Michel A Reyes Ortega1*, Angélica Nathalia Vargas Salinas1 and Jonathan W Kanter2
1 Contextual Behavioural Science and Therapy Institute, USA
2 University of Washington, USA
*Corresponding author: Michel A Reyes Ortega, Contextual Behavioural Science and Therapy Institute, México City, USA
Submission: April 05, 2018;Published: October 31, 2018
ISSN 2639-0612Volume1 Issue5
A randomized clinical trial (RCT) was conducted to test the impact of Functional Analytic Psychotherapy (FAP) on individuals diagnosed with borderline personality disorder (BPD) who had finished treatment as usual (TAU) at a public institution in Mexico City. Two groups receiving 8 sessions of FAP (n=26) or Interpersonal Skills training (n=24) where compared. T-test analyses found statistically significant (p< 0.05) and large (Cohen’s d≥0.80) improvements for FAP group participants at post-test compared to pre-test in BPD symptom severity, intimacy, experience of self and emotion regulation. Between groups analysis found statistically significant and large effects in favor of FAP, with the largest differences observed in intimacy. Regression analysis found a reduction in the relation between intimacy and BPD severity before (R2=0.324) and after FAP treatment (R2=0.11). These results suggest FAP’s possible utility as an adjunct treatment for BPD.
Keywords:RCT: Randomized Clinical Trial; BPD: Borderline Personality Disorder; FAP: Functional Analytic Psychotherapy; TAU: Treatment as Usual; FIV: Inflated Variance Factor
From a contextual behavioural standpoint, personality traditionally has been understood as an organized behavioural repertoire controlled by contingencies ; more recent approaches have described personality traits as functional classes of behaviour that differ in variety, flexibility and generality across individuals [2,3]. This perspective differs from the structuralist view in which personality is understood as a “psychological structure” that manifests in the person’s behaviour [4,5] presented a contextual behavioural model of borderline personality disorder (BPD) that integrated previous models  with behaviour analytic understandings of the development of self, personality, and experiential avoidance. The Reyes et al. model views the major behavioural problems of BPD as a severe experiential avoidance pattern shaped by the interaction of innate difficulties in self-regulation and an invalidating environment. Briefly, his model states that the interaction between difficulties in emotion regulation and a history of abuse or neglect result in extreme conditioned emotional responses and paranoid states that are elicited by similar events in the adult life. The model establishes a relation between the onset of the abuse and the severity of symptoms; young children may lack emotion regulation skills and react to escape urges with experiential avoidance actions that interfere with psychological habituation, emotional processing and problem solving, inadvertently leading to increased symptoms and dissociative states [7,8]. The model also relates chronically invalidating environments, which include abuse and neglect, with the dif ferential reinforcement of “I” responses under public control which in turn produces a poor or unstable sense of self  dysfunctional self-regulation skills including suicidal and parasuicidal behaviour  and a disorganized-ambivalent attachment style leading to instability in interpersonal relationships . These behaviours are under aversive control and therefore frequently evoked by aversive conditions (sickness, working stress, marital conflict, etc.). The behaviours are negatively reinforced in the short term, but inconsistent with personal values and goals in the long term, creating more pain and a growing sense of chaos and emptiness.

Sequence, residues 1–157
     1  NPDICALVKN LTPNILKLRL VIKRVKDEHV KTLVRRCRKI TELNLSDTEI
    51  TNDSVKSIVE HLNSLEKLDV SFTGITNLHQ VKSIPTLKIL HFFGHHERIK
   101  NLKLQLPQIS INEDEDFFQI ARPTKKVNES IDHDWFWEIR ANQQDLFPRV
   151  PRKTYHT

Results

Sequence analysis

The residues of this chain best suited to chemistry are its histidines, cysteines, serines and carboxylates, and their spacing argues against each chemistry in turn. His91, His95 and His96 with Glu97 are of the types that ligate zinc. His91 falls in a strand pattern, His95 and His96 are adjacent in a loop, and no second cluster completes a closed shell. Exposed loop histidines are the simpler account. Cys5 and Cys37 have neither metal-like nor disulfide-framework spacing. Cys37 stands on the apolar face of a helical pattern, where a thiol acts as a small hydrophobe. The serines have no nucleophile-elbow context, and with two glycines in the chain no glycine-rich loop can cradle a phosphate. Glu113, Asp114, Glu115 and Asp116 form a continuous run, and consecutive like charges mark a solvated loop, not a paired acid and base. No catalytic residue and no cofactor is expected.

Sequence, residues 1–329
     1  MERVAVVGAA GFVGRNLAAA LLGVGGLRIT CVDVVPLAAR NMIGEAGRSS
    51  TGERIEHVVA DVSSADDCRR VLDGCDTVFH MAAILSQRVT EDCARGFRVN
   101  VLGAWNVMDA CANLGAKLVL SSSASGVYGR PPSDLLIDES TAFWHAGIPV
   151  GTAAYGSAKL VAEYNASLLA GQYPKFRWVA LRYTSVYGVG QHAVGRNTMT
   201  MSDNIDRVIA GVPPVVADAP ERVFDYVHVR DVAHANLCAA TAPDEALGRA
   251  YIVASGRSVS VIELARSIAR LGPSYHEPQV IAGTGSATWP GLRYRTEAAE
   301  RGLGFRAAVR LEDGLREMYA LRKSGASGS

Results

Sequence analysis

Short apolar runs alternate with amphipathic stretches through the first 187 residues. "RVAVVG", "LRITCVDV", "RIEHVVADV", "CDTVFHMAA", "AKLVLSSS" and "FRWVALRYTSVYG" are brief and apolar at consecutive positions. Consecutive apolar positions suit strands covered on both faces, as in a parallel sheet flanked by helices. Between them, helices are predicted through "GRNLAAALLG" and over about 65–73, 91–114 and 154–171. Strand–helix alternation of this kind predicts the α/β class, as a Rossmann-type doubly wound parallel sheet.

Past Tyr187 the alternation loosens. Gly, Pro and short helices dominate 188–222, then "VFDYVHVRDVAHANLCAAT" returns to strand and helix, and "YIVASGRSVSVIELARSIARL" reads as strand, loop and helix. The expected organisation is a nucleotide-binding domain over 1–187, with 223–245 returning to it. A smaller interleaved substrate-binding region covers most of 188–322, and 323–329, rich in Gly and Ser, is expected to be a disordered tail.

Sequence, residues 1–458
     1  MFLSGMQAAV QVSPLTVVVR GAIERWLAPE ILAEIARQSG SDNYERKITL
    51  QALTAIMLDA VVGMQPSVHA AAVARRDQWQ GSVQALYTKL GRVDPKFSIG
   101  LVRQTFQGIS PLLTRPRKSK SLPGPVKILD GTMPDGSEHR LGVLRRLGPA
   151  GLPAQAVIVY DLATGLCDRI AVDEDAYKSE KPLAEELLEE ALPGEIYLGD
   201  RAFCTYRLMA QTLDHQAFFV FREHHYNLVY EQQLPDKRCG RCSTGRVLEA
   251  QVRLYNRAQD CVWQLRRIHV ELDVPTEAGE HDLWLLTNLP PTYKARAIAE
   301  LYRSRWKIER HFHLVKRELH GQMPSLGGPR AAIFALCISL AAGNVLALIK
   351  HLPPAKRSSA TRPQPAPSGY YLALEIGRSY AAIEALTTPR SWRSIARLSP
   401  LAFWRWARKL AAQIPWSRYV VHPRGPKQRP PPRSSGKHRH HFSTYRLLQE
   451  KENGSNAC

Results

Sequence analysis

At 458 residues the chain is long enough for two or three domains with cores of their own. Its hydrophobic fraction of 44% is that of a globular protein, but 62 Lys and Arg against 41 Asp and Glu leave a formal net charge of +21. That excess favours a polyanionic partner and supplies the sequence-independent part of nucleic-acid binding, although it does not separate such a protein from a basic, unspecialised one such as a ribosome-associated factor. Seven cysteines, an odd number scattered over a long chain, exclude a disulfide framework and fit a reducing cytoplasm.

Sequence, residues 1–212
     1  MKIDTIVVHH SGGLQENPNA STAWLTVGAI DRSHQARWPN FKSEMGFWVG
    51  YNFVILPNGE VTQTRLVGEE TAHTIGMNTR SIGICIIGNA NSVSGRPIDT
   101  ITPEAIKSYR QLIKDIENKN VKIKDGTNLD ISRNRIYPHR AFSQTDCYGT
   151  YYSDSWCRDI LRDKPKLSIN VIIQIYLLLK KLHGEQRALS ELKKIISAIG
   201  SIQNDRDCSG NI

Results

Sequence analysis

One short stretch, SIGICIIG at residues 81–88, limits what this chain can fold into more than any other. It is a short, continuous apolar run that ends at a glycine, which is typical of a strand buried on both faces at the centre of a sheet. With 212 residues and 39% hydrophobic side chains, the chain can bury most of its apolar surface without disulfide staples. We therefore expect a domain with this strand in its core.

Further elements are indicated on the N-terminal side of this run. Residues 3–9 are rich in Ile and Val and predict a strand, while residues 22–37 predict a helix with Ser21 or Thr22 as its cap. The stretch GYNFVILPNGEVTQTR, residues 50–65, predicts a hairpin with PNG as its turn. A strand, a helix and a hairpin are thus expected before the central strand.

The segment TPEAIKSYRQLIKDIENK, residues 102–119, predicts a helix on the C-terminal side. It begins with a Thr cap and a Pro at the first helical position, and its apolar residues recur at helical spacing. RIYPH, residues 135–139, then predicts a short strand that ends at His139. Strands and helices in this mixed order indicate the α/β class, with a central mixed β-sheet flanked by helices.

While different psychotherapeutic models have shown to be useful for reducing suicidal and self-harming behaviour, depression and anxiety and severity of BPD symptoms, and improving emotion regulation [12-18], social connection related symptoms are still a challenge for clients and therapist. We believe functional analytic psychotherapy (FAP) could be a useful supplement for BPD existing treatments.